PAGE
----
Western Nevada College, 2201 West College Parkway, Carson City, NV 89703-7399. Western Nevada College is a small college located in Carson City, Nevada. It is a public school with primarily 4-year or above programs and has 4,755 students. Western Nevada College has an associate's degree program in Music, Other Specialties which graduated one student in 2008.


AmSAT Certified Teacher: Certified Alexander Technique Teachers have completed a 3 year, 1600 hour course at an AmSAT certified teacher training center.

For more information, see the American Society for the Alexander Technique website.


Reno, Nevada
Reno, Nevada photo by Smooth_O

Reno is situated in Washoe County, Nevada. It has a population of over 217,016, which has grown by 20.2% over the last ten years. The cost of living index in Reno, 93, is below the national average. New single-family homes in Reno are priced at $202,100 on average, which is well above the state average. In 2008, six hundred thirty-seven new homes were built in Reno, down from nine hundred ninety-seven the previous year.

The three big industries for women in Reno are arts, entertainment, and recreation, health care, and accommodation and food services. For men, it is arts, entertainment, and recreation, construction, and accommodation and food services. The average commute to work is about 18 minutes. More than 25.0% of Reno residents have a bachelor's degree, which is higher than the state average. The percentage of residents with a graduate degree, 8.4%, is higher than the state average.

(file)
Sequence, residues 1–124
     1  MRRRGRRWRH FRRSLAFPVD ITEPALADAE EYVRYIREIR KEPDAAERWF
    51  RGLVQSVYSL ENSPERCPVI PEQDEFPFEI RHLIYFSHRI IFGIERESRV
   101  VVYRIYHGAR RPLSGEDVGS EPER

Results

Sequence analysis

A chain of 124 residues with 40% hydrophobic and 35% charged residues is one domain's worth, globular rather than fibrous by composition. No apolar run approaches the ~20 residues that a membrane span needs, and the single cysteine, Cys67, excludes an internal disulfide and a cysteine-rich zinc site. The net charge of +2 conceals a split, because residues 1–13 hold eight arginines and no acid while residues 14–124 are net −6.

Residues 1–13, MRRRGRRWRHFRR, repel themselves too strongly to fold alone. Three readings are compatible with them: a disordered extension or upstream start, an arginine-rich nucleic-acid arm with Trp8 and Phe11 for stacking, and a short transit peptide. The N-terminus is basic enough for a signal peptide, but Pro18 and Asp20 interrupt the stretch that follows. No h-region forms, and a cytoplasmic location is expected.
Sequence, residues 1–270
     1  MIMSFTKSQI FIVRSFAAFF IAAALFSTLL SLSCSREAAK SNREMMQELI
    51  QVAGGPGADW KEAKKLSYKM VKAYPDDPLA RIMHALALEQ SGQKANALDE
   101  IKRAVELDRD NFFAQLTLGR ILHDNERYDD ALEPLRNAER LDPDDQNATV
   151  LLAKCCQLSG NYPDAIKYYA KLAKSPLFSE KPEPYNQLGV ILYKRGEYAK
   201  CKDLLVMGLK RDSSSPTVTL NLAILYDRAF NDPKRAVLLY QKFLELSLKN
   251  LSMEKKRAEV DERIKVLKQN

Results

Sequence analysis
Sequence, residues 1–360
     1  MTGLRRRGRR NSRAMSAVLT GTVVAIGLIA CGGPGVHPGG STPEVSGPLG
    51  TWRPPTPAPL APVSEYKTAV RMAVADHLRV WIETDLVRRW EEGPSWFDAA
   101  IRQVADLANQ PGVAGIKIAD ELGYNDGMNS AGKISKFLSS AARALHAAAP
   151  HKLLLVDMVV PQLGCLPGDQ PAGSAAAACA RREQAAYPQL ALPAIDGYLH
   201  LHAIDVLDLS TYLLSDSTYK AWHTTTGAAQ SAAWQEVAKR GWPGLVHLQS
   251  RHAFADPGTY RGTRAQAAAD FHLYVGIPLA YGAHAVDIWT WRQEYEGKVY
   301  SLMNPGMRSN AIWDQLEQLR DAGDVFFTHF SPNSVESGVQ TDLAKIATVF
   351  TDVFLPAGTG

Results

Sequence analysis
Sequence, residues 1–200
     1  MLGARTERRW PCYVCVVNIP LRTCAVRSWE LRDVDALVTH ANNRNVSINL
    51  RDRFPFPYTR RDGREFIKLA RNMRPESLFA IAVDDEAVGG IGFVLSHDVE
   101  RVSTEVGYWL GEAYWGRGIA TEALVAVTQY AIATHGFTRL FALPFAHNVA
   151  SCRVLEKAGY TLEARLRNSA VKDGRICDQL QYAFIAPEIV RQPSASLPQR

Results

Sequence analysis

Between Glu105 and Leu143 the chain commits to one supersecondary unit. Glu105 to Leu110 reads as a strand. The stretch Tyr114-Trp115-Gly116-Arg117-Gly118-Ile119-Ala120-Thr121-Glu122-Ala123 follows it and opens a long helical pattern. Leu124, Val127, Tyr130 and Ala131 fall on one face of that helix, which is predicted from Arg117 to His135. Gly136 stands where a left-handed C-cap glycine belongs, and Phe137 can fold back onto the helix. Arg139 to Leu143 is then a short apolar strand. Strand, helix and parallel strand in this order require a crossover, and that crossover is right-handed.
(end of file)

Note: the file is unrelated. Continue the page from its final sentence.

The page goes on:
The unemployment rate in Reno is 11.8%, which is less than Nevada's average of 12.6%.

The percentage of Reno residents that are affiliated with a religious congregation, 27.9%, is less than both the national and state average. The most common religious groups are the Catholic Church, the LDS (Mormon) Church and the Southern Baptist Convention.

Reno is home to the Short Ranch and the Keystone Square as well as Wilkinson Park and Paradise Park. Shopping centers in the area include Miraloma Park Shopping Center, Village Shopping Center and University Village East Shopping Center. Visitors to Reno can choose from Oxford Motel, Atlantis Casino Resort and Wayside Motel & Apartments for temporary stays in the area.